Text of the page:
Cherry Pie Recipe

Easy Cherry Pie Recipe

Lightly sweetened filling with cherries, vanilla and almond extract. It’s to die for. This one is easy, too — Mix, Fill and Bake. That’s it. The hardest part is pitting the cherries. For that, you might want to buy a cherry pitter or if you’re like us, cheat and use one of our suggestions below for how to pit cherries without a cherry pitter.

Simple Cherry Pie Recipe — How We Make It

Stir cherries with sugar, corn starch, lemon juice, vanilla and almond extracts then stir. Roll out a pie crust (or use store-bought), fill then top with another crust. Bake and cool. It’s that easy.

To be honest, the hardest part is actually waiting for the pie to cool — you really want to wait 2 to 3 hours before cutting into the pie. We know — it’s torture!

As far as the cherries go, we like to use fresh cherries, but if you need to, use thawed frozen or canned/jarred cherries. (We share notes for both options in the recipe below). Both sweet and tart cherries will work well in this pie. We usually use sweet because fresh tart cherries are almost impossible to find where we live. No matter which you use, be sure to check for how sweet they are then adjust the sugar accordingly.

Easy Cherry Pie Recipe

We love serving each slice with freshly whipped cream, but ice cream would be divine.

How to Pit Cherries Without a Cherry Pitter

We have a small kitchen. That means that we only buy what we need on a weekly basis and while we would love to eat a slice of this cherry pie every night  that just can’t happen. So, we don’t have a cherry pitter in the house.

That didn’t stop us, though. We just looked around and figured out two ways to pit cherries without a cherry pitter.

How to Pit Cherries Without a Cherry Pitter

On the top, you’ll see we used a chopstick. We used the thicker round end to push the pit out of each cherry. The second option was to use a small piping tip. Place it onto the work surface then push the cherry down onto the tip — the pit pops right out.

Of the two, we preferred using chopsticks. Both work, but the chopsticks were a little less messy.

Easy Cherry Pie Recipe

What is your favorite kind of pie? Do you have any cherry pie recipe tips of your own?

You May Also Like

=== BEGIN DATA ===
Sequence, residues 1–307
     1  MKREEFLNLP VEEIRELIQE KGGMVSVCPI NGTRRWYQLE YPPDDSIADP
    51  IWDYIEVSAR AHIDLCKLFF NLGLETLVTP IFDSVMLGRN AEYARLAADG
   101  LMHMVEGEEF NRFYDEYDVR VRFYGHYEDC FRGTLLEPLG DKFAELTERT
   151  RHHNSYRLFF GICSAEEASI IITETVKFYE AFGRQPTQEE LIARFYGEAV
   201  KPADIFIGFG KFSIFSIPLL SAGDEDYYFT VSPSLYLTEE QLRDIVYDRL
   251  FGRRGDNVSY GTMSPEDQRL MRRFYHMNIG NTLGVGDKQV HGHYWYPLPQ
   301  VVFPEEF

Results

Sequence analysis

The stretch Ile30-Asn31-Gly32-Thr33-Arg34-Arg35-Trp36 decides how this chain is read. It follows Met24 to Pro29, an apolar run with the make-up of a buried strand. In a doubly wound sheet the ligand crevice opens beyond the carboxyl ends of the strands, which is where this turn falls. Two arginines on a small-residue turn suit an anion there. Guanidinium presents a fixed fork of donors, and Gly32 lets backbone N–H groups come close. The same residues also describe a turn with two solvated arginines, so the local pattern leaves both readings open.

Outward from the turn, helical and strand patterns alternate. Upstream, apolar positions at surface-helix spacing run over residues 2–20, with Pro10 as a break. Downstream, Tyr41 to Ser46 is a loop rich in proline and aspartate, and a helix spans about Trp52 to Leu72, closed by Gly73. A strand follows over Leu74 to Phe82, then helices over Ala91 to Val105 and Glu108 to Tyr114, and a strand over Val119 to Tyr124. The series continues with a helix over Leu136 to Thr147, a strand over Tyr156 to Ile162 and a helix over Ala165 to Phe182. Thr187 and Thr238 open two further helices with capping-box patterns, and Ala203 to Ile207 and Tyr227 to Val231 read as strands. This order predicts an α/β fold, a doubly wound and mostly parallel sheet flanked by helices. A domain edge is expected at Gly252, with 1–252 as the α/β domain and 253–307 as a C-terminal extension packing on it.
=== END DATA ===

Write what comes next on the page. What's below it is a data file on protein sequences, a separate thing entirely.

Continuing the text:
• Our Flaky Pie Crust Recipe might be helpful. We even included a video to show you how to make it.
  • This Cherry Pie Recipe from Joy of Baking looks amazing — it calls for tapioca instead of corn starch to thicken the pie filling.
  • Our recipe was inspired and adapted from Smitten Kitchen’s Sweet Cherry Pie Recipe.
5.0 from 5 reviews
Easy Cherry Pie Recipe
Prep time
Cook time
Total time
Why we love this recipe. Making cherry pie is easy - all you need is a little patience when pitting the cherries. We promise it’s worth it. You can use sweet cherries, sour cherries or a combination of both, just remember to dial the sugar back or up depending on what you choose.

What you need to know. You can buy a cherry pitter, however, if you do not have one try using the thicker round end of a chopstick to push the pits out of the middle of each cherry. Another option is to push each cherry down onto a piping tip. The sugar amount for this recipe varies depending on how sweet your cherries are. Add to your taste. We like to use fresh cherries for this, but you can use canned (see note below).

Equipment you’ll need. A cherry pitter (or chopsticks/piping tip) large bowl, measuring cups and spoons, rolling pin, pie dish.
Created By:
Yield: 8
You Will Need
  • Chilled pie dough for top and bottom 9-inch pie (see our pie crust recipe)
  • 4 1/2 cups pitted fresh cherries (2 1/2 pounds, unpitted)
  • 1/4 cup (30 grams) corn starch
  • 2/3 to 3/4 cup (134 to 150 grams) sugar, adjusted accordingly to sweetness of cherries
  • 1 teaspoon vanilla extract
  • 1/4 teaspoon almond extract
  • 1 tablespoon lemon juice
  • 1/8 teaspoon salt
  • 1 tablespoon cold unsalted butter, cut into small squares
  • 1 egg yolk
  • 1 tablespoon heavy or whipping cream
  • Additional sugar for topping crust (coarse sugar is a nice option)
Heat Oven
  1. Heat oven to 400 degrees F (200 degrees C).
Prepare Filling
  1. In a large bowl, stir cornstarch, sugar, salt, vanilla extract, almond extract, lemon juice and the salt together then add cherries. Gently toss to combine.
Roll Out Bottom Pie Crust and Fill
  1. Remove half of dough from refrigerator and let sit at room temperature for 5 minutes. On a lightly floured surface, roll out dough to a 13-inch (1/8-inch thick) circle. (Occasionally, check if dough is sticking to the surface -- add a small amount of flour when necessary).
  2. Check for size by inverting pie dish over dough round. Look for a 1-inch edge around the pie dish.
  3. Spoon cherry pie filling into pie crust. Discard most of the liquid pooled at the bottom of the bowl. Dot filling with little squares of cold butter.Cherry-Pie-Recipe-Step-1
Roll Out Top Pie Crust
  1. Roll out second half of dough then top pie. Use a knife or pair of kitchen scissors to trim dough to within 3/4-inch of the edge of the dish.
  2. Fold edges of top crust underneath edges of bottom crust, pressing the edge to seal it so that it creates a thicker, 1/4-inch border that rests on the lip of the dish. Then, crimp edges by pressing the pointer finger of one hand against the edge of the dough from the inside of the dish while gently pressing with two knuckles of the other hand from the outside (see photo, we know that was wordy -- you can see us do it in our pie crust recipe video, too).Cherry-Pie-Recipe-Step-2
  3. Refrigerate dough at least 20 minutes or freeze for 5 minutes before baking.
Bake Pie
  1. Just before baking, make egg wash by whisking egg yolk and cream together in a small bowl. Use a pastry brush to brush over the top crust. Then, sprinkle with 1 tablespoon of sugar. Then, cut 3 to 4 slits in top of pie.
  2. Bake for 20 minutes then reduce oven temperature to 350 degrees F (177 degrees C) and bake an additional 30 to 40 minutes longer, or until the crust is golden and the filling is thick and bubbling.Cherry-Pie-Recipe-Step-3